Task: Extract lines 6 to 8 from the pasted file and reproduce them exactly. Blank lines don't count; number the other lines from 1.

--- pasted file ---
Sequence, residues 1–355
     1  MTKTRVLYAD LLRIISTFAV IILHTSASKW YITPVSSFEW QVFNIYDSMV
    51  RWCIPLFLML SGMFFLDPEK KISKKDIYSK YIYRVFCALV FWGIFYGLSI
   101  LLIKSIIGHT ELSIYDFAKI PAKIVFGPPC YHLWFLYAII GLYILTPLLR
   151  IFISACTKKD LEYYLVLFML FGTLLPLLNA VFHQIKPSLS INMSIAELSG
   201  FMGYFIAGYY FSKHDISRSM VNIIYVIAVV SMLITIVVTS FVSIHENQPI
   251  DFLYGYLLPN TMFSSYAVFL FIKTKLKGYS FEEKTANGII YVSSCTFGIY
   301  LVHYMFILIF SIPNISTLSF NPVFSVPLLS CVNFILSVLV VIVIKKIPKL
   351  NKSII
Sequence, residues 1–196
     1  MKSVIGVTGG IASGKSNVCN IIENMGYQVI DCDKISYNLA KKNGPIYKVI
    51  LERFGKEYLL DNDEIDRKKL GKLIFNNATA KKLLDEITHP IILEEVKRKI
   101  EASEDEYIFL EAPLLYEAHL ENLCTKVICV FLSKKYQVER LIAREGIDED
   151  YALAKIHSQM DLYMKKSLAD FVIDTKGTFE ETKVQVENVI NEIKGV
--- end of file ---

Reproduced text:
   201  FMGYFIAGYY FSKHDISRSM VNIIYVIAVV SMLITIVVTS FVSIHENQPI
   251  DFLYGYLLPN TMFSSYAVFL FIKTKLKGYS FEEKTANGII YVSSCTFGIY
   301  LVHYMFILIF SIPNISTLSF NPVFSVPLLS CVNFILSVLV VIVIKKIPKL